(ran ET edition of Tampa & State)
With two months left until the scheduled restart of the Crystal River nuclear plant, Florida Power Corp. officials told federal regulators on Friday that they are confident of meeting their self-imposed end-of-the-year deadline.
Regulators with the U.S. Nuclear Regulatory Commission, though, warned managers of the nuclear plant that much remains to be done before the agency will be able to sign-off on restarting the reactor.
Samuel Collins, the NRC's director of nuclear reactor regulation, told the Florida Power managers that, "we probably haven't served each other well in communication of what it's going to take to get some of these things done."
The things he referred to include documents that Florida Power still must submit, NRC inspections that must be performed and required discussions of recent changes to systems and procedures.
"We're going to do whatever it takes to get the job done," Collins said after the meeting. "We may be able to meet their date. We may not."
Sometime around mid-December, Florida Power plans start a heat-producing atomic reaction by mechanically retracting large boron rods in the reactor's core that neutralize its nuclear fuel.
By the end of the month, Florida Power's schedule calls for that heat to be boiling water and generating electricity to flow out over breakers onto miles of power lines.
For the St. Petersburg-based utility, which delivers electricity to about 1.3-million customers in central and northern Florida, the return of inexpensive nuclear-generated power is a key financial goal. When running, the nuclear plant makes millions for the company; when shut down, it costs millions.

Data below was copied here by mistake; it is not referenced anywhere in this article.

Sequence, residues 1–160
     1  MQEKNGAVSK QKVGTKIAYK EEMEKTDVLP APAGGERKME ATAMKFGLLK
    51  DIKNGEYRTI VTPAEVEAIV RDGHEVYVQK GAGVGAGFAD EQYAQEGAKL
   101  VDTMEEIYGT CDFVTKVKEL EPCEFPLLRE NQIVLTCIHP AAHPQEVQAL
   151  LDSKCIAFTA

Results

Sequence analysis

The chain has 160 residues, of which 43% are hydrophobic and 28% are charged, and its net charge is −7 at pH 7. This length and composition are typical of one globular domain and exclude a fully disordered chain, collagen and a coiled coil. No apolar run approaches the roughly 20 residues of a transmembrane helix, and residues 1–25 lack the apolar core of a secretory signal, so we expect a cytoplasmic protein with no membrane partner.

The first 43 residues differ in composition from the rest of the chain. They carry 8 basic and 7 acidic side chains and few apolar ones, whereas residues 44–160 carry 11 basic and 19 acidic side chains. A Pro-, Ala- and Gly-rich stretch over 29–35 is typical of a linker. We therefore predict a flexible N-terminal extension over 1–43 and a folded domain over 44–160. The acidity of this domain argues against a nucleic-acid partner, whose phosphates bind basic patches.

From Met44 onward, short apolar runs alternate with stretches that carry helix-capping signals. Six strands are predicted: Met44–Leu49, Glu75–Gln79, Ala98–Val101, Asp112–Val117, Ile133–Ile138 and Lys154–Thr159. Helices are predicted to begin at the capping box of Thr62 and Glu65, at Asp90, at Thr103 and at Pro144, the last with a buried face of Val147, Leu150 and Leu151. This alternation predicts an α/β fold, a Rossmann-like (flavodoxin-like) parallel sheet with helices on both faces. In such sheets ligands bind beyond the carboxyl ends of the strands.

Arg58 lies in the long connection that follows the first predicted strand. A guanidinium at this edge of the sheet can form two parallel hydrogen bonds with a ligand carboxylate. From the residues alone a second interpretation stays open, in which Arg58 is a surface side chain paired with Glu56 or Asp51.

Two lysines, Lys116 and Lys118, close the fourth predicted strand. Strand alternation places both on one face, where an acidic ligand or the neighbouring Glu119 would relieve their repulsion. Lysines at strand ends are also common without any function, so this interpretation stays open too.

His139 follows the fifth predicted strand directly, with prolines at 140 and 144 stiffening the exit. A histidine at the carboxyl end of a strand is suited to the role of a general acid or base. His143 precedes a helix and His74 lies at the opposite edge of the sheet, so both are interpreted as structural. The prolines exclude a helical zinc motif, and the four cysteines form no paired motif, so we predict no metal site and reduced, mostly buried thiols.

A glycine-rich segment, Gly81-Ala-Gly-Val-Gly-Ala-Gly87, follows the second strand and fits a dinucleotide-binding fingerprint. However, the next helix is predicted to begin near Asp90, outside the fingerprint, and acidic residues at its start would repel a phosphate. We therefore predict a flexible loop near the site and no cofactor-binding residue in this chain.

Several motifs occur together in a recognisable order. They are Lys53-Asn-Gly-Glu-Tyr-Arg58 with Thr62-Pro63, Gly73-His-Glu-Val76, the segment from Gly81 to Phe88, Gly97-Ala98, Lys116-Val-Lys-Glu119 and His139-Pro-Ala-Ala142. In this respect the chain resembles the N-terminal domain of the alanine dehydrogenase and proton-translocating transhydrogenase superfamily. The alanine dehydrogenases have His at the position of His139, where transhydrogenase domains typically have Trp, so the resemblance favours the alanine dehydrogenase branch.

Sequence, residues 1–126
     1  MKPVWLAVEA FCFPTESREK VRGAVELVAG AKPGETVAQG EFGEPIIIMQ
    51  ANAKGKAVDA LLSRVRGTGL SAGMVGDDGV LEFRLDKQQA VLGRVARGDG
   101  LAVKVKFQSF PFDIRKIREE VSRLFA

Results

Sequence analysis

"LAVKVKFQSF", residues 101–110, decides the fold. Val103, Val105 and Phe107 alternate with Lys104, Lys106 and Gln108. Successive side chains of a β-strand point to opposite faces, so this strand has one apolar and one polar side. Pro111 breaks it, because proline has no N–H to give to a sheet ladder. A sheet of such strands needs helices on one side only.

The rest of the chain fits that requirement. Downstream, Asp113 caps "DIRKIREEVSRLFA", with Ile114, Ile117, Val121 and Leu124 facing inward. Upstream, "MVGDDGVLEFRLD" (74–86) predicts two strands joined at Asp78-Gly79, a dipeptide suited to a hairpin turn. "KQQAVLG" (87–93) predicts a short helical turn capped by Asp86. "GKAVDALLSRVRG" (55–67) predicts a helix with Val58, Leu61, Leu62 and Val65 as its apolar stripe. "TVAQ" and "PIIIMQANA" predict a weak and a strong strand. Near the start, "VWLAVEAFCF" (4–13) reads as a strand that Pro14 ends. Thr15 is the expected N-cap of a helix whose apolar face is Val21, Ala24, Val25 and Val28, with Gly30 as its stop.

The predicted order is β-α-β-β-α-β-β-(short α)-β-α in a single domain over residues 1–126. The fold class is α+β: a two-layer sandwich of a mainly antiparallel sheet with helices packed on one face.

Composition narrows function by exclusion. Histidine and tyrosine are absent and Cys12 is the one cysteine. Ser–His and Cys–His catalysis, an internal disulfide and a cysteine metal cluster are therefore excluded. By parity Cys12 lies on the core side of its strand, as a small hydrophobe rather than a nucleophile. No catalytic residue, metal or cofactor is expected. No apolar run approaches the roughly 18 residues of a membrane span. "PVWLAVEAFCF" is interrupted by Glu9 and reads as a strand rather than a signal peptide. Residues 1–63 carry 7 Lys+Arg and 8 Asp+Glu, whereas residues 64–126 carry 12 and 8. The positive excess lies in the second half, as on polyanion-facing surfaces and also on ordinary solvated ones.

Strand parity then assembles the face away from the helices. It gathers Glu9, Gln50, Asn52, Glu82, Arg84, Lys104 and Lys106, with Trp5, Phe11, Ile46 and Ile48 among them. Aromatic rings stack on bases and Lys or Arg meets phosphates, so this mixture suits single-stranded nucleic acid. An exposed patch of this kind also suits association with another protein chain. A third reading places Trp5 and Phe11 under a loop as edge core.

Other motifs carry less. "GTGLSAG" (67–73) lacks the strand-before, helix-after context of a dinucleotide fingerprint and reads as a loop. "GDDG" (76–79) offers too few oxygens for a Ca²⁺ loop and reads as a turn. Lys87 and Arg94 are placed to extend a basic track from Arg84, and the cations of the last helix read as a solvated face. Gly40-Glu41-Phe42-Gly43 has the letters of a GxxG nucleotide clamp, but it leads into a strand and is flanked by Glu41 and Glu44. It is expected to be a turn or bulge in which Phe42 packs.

At Friday's meeting, Florida Power vice president of nuclear production John Paul Cowan said improvements to the plant's systems and procedures during the past year have helped ready the reactor for its next 20 years of operation.
Florida Power shut down the reactor in September 1996 for repairs and decided to keep it off-line as the company faced a barrage of criticism from the NRC for what the agency said was inadequate management oversight and repeated mistakes.
The plant has a new management team, but the reactor remains on the NRC's "watch list" of the worst-run nuclear plants in the nation.
After Friday's meeting, NRC Regional Administrator Luis Reyes praised the Crystal River plant's improvement, saying that today it is "clearly a much safer plant."
In a relatively short amount of time, he said, Florida Power has made many improvements to equipment, procedures and operations. Reyes said NRC inspectors would watch the plant closely as it approaches its restart date. But, he said, "everything seems to be looking good now."